Study on the Flow-Fiber Coupling and its Influence on the Shrinkage of FRP Injection Parts
The fiber-reinforced plastics (FRP) material has been applied into industry as one of the major lightweight technologies, especially for automotive or aerospace products. The reason why fibers can enhance plastics is because of their microstructures. One of those microstructures is fiber orientation distribution. Since the fiber orientations inside plastic matrix are very complex, they are not easy to be visualized and managed. In addition, there might be some interaction between flow and fiber during the injection molding processing, but not fully understood yet. In this study, the flow-fiber coupling effect on FRP injection parts has been investigated using a geometry system with three ASTM D638 specimens. The study methods include both numerical simulation and experimental observation. Results showed that in the presence of flow-fiber coupling the melt flow front advancement presents some variation, specifically at the geometrical corners of the system. Furthermore, through the fiber orientation distribution (FOD) study, the flow-fiber coupling effect is not significantly at the near gate region (NRG). It might result from too strong shear force to hold down the appearance of the flow-fiber interaction. However, at the end of filling region (EFR), the flow-fiber coupling effect tries to diminish the flow direction orientation tensor component A11 and enhance the cross-flow orientation tensor component A22 simultaneously. It ends up with the cross-flow direction dominant at the EFR. This orientation distribution behavior variation has been verified using micro-computerized tomography (micro-CT) scan and images analysis by AVIZO software. Finally, the flow-fiber coupling effect also verified based on the tensile stress testing and the shrinkage of the injected parts through different flow domains.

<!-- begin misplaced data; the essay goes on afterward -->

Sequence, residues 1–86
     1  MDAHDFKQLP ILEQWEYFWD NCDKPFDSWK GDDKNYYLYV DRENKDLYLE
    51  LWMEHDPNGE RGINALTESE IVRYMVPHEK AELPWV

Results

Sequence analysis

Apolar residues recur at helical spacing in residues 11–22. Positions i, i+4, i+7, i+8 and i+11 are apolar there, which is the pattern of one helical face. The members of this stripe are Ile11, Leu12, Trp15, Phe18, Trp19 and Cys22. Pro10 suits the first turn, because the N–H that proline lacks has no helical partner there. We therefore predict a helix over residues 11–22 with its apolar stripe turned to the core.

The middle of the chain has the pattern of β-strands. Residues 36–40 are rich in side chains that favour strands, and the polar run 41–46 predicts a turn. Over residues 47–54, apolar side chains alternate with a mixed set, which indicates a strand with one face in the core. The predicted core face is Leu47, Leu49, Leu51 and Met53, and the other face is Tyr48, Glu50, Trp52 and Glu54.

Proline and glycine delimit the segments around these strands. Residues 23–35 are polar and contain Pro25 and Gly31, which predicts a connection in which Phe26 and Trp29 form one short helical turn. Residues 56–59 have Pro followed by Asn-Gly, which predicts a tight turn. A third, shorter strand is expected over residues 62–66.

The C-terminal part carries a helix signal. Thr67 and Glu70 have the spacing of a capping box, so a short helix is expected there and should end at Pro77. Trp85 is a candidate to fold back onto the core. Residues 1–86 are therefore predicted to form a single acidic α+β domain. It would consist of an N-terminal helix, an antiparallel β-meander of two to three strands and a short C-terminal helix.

Physical Analysis of Multifunctional Aerogels Made of Polymerized Silica Precursors With Stiff and Flexible Backbone
Aerogels made of polymerized silica precursors are an evolving class of porous materials with the potential to get functionalized by embedding graphene materials in their structure. Owing to their unique features they have shown promises for a wide range of applications namely electronics and biomedical devices. The mesoporous structure of these aerogels is defined during the sol-gel transition process which can be tailored by optimizing processing parameters. In this study, the main effort is to examine the comparison of the properties of the aerogels made of polymerized silica precursor with and without graphene nanoplatelets (GnP) and graphene oxide (GO).
Foam Injection Molded Lightweight PP Composite Foams Reinforced by Fibrillary PTFE With Outstanding